Interpolate a data frame in pandas

In this tutorial, we will learn the concept of interpolating the missing values in a data frame in Pandas. Interpolate method is different from fillna method. In fillna method, Nan values are filled based on the substitution value given by the user. Whereas, the interpolate method uses different types of interpolation techniques like linear, quadratic, cubic, etc. So, let’s begin the tutorial.

Dataframe.interpolate() method

This method has the following arguments:

method: The method used to interpolate the data. Some of them are: linear, time, pad, quadratic, cubic, Krogh

axis: The axis on which the process is done. ‘index’ or 0, ‘column’ or 1

limit: Number of consecutive Nan to convert them to data.

limit_direction: The direction to interpolate Nan. ‘forward’,’backward’, ‘both’.

limit_area: For interpolation ‘inside’ is used. For extrapolation ‘outside’ is used.

downcast: Used for downcasting the datatypes.

kwargs: Keyword arguments.

Linear Interpolation: pandas

Let us consider the following data frame as input:

  a    b         c
0 NaN  -0.5652  36.0
1 2.0  NaN      52.0
2 3.0  -1.8682  NaN
3 NaN  NaN      -11.0
4 NaN  8.0000   98.0

Linear interpolation is demonstrated here. First, we will create a data frame with Nan values using the NumPy library and then use the interpolate method.

import pandas as p
import numpy as n
data1 = { 'a':[n.nan,2,3,n.nan,n.nan], 'b':[-0.5652,n.nan,-1.8682,n.nan,8],'c':[36,52,n.nan,-11,98]}
d1 = p.DataFrame(data1)
print(d1.interpolate())

OUTPUT:

  a    b      c
0 NaN -0.5652 36.0
1 2.0 -1.2167 52.0
2 3.0 -1.8682 20.5
3 3.0 3.0659 -11.0
4 3.0 8.0000 98.0

Here, the first value of the first column has not changed because there is no value prior to it to perform the linear interpolation process.

Using the argument limit_direction

Here, we will use the limit_direction as backward and mention the method as linear. The interpolation process is performed in the reverse direction.

import pandas as p
import numpy as n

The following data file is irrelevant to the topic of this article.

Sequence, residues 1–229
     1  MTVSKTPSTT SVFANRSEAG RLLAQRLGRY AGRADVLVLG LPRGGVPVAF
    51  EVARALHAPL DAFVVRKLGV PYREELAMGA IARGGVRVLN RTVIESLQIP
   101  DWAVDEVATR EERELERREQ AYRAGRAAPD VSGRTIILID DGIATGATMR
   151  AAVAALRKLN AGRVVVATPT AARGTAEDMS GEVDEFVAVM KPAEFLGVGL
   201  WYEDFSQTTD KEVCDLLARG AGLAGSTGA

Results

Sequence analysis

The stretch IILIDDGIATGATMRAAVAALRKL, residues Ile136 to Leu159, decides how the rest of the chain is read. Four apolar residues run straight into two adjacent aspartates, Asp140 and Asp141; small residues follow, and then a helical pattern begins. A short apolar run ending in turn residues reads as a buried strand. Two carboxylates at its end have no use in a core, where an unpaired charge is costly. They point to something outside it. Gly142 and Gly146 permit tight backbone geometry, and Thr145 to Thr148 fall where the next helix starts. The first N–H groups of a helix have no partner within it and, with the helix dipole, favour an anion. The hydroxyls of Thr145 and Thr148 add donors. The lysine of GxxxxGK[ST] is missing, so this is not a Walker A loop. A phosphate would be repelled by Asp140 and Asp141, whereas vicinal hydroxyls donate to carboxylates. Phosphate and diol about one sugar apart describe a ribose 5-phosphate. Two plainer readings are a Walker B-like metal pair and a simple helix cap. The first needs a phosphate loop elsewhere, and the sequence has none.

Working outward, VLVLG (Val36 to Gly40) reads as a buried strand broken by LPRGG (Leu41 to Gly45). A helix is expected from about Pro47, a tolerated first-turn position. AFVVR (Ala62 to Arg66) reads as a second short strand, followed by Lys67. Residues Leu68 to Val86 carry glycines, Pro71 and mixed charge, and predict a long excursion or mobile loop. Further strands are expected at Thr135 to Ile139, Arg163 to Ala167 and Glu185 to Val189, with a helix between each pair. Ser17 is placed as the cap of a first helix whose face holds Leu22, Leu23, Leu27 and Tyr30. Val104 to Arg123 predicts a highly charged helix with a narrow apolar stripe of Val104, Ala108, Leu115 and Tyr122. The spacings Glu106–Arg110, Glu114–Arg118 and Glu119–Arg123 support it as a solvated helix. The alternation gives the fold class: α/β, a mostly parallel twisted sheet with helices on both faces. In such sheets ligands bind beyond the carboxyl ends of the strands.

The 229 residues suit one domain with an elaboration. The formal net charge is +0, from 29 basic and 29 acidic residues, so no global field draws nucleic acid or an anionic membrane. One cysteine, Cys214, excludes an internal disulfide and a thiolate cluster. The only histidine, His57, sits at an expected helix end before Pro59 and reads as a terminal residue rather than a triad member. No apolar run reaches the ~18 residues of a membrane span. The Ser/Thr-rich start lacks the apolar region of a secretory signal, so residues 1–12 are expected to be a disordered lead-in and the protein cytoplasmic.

data1 = { 'a':[n.nan,2,3,n.nan,n.nan], 'b':[-0.5652,n.nan,-1.8682,n.nan,8],'c':[36,52,n.nan,-11,98]}
d1 = p.DataFrame(data1) 
print(d1.interpolate(method='linear',limit_direction='backward'))

OUTPUT:

  a    b       c
0 2.0 -0.5652 36.0
1 2.0 -1.2167 52.0
2 3.0 -1.8682 20.5
3 NaN  3.0659 -11.0
4 NaN  8.0000 98.0

Here, the last value of the first column is Nan because there is no value below it to perform the interpolation.

Polynomial Interpolation:

Let us consider the following data frame as the input.

  0
0 1.0
1 NaN
2 NaN
3 333.0

In polynomial interpolation, we should specify the value for the method as ‘polynomial’. We should also specify the value of the order.

import pandas as p
import numpy as n
data2 = [1,n.nan,n.nan,333]
d2 = p.DataFrame(data2)
print(d2.interpolate(method='polynomial',order=1))

OUTPUT:

  0
0 1.000000
1 111.666667
2 222.333333
3 333.000000

Using the argument limit_area

By using the limit_area we can specify to interpolate or extrapolate the values. Here we will provide the value for the argument as ‘inside’. So, it will perform the interpolation.

import pandas as p
import numpy as n
data2 = [1,n.nan,n.nan,333]
d2 = p.DataFrame(data2)
print(d2.interpolate(method='polynomial',order=1,limit_area='inside'))

OUTPUT:

  0
0 1.000000
1 111.666667
2 222.333333
3 333.000000

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